The Risks of Titanium Dioxide Exposure

Jun. 1 2022

Titanium Dioxide (TiO2) was deemed a class 2 carcinogen by the European Union if inhaled, triggering an update to its regulations on February 18, 2020. The update addresses the classification, labelling and packaging of substances and mixtures containing titanium dioxide. It has also been classified as a group 2b carcinogen by the International Agency for Research on Cancer (IARC).

Titanium dioxide is often used as a pigment and additive to several commercial products, including sunscreen, paints, varnishes, cosmetics, plastics, paper and food. The size of its powder molecules can vary depending on the use of the product and ranges from fine (respirable) to ultrafine (nanoparticles). When a product contains more than 1% of titanium dioxide particles in powder form with an aerodynamic diameter of ≤ 10 μm, the product needs to be labelled as a hazardous substance.

Titanium Dioxide Occupational Exposure Hazards

In a production facility, titanium dioxide can create an occupational hazard through inhalation, as well as through eye and skin contact, when it enters the air and contaminates surfaces. At high concentrations, particles can irritate the nose and throat, creating an unsafe environment for facility workers. Long-term exposure may even cause bronchitis, resulting in symptoms such as coughing, phlegm, and/or shortness of breath.

The following recommended exposure limits have been classified:

  • OSHA TWA – 15 mg/m3 as total dust
  • NIOSH TWA – 2.4 mg/m3 for fine titanium dioxide particles and 0.3 mg/m3 for ultrafine particles
  • ACGIH TLV-TWA – 2.5 mg/m3 for fine titanium dioxide particles and 0.2 mg/m3 for ultrafine particles – sampled as a respirable fraction

Titanium Dioxide Sample Collection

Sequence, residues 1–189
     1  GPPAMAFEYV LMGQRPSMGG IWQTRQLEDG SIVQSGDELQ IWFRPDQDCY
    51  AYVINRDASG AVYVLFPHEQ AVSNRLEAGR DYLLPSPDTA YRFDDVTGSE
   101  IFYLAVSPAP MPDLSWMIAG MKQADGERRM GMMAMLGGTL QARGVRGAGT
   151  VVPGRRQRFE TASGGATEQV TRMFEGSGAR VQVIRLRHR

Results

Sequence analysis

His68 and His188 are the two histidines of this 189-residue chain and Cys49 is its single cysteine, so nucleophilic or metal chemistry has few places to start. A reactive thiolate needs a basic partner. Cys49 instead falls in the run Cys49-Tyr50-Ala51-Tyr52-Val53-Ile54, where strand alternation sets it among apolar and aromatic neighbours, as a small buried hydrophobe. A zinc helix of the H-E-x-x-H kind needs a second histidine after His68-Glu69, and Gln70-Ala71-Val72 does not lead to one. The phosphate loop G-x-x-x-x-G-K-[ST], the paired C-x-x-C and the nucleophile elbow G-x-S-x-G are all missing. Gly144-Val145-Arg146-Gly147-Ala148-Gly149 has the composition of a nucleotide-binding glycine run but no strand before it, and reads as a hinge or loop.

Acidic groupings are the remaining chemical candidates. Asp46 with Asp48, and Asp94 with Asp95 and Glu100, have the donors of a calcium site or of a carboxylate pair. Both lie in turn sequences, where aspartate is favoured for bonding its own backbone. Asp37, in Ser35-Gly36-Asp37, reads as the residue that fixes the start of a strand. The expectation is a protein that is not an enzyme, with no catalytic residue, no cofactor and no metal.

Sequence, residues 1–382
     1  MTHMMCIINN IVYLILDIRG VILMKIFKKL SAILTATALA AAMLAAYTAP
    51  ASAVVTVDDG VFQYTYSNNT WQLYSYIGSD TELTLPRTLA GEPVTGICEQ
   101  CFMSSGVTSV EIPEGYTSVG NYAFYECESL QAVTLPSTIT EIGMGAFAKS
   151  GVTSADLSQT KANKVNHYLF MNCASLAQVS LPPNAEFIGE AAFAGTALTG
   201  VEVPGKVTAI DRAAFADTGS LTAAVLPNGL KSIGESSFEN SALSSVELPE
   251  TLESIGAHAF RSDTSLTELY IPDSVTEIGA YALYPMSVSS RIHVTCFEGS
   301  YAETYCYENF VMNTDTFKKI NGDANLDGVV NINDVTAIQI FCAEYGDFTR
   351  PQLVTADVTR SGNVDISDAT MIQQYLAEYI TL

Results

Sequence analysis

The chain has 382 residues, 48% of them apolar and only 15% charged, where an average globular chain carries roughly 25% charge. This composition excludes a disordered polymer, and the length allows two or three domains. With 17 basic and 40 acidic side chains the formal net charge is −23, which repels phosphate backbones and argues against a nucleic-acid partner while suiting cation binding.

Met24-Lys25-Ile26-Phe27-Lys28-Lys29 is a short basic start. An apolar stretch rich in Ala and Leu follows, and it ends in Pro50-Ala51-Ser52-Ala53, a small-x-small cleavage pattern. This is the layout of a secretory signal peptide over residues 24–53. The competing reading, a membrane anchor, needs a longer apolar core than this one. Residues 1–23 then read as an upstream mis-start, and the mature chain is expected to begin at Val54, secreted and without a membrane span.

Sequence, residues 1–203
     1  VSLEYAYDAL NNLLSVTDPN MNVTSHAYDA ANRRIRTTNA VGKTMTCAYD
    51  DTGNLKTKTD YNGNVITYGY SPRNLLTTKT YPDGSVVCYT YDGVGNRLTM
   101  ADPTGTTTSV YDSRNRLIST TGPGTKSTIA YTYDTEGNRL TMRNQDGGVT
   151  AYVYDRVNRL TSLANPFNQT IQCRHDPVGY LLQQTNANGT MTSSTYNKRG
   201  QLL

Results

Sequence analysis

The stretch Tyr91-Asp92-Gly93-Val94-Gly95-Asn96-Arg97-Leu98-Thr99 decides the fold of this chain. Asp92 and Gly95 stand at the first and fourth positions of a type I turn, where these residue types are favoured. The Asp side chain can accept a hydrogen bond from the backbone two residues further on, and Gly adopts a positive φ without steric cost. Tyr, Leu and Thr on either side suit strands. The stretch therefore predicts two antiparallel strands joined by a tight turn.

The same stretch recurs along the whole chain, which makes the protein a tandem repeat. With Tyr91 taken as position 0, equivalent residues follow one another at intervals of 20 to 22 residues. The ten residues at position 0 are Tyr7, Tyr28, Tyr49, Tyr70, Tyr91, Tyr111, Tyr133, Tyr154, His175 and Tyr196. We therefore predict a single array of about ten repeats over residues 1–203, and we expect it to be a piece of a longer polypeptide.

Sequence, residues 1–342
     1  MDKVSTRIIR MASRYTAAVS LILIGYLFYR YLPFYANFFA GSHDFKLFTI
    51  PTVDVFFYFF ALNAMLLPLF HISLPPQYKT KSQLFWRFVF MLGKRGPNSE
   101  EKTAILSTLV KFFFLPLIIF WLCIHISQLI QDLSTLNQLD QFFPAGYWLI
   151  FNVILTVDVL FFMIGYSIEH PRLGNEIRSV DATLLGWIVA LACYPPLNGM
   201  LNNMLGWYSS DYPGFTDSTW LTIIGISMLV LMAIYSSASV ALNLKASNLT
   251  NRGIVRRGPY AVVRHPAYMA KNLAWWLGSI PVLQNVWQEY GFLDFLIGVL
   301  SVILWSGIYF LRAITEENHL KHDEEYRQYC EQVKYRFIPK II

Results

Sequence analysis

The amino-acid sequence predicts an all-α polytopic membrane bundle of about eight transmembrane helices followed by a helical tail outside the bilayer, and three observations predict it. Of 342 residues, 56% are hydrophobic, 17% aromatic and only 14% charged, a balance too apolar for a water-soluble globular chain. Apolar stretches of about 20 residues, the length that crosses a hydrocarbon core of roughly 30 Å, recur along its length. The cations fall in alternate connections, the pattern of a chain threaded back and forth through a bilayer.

Active airborne sample collection techniques involve using pumps and filters. It is recommended that a mixed cellulose ester (MCE) filter be used if total dust determination is not required. A pre-weighed polyvinyl chloride (PVC) filter should be used if total or respirable dust determination is necessary.

For our proprietary method’s analysis, airborne samples should be collected using a 37 mm 0.8 µm MCE filter, a 37 mm 0.5 µm pre-weighed PVC filter, or a laboratory provided IOM sampler containing a 25 mm MCE filter. Disposable IOM samplers are not recommended for collection, as the cellulose capsule is usually adhered to the filter and must be digested in addition to the filter.

Titanium Dioxide Analysis and Chemistry

Titanium dioxide is analyzed using Ion Coupled Plasma Optical Emission Spectroscopy (ICP-OES) or Ion Coupled Plasma Mass Spectroscopy (ICP-MS). Due to the nature of how titanium dioxide is bonded, typical mineral acid digestion methods such as hydrochloric and nitric acids cannot successfully break it down. This negatively impacts analysis results. More aggressive acid schemes or digestion equipment are required to fully free all the titanium present.

Bureau Veritas uses an internally developed digestion method capable of ascertaining the total amount of titanium from the titanium dioxide structure. In contrast to other laboratories, the Bureau Veritas method specifically targets elemental titanium. This is a far better technique than using a nonspecific gravimetric procedure that overstates the titanium dioxide, especially in dusty areas. It can detect titanium dioxide at levels up to 0.0036 mg/m3 for an eight hour sample with a minimum flow rate of 1L/minute and a STEL detection level of 0.12mg/m3. This is one of the lowest reporting limits in the industry. Samples for titanium dioxide are analyzed using an ICP-OES and can be shipped to our laboratory under ambient conditions.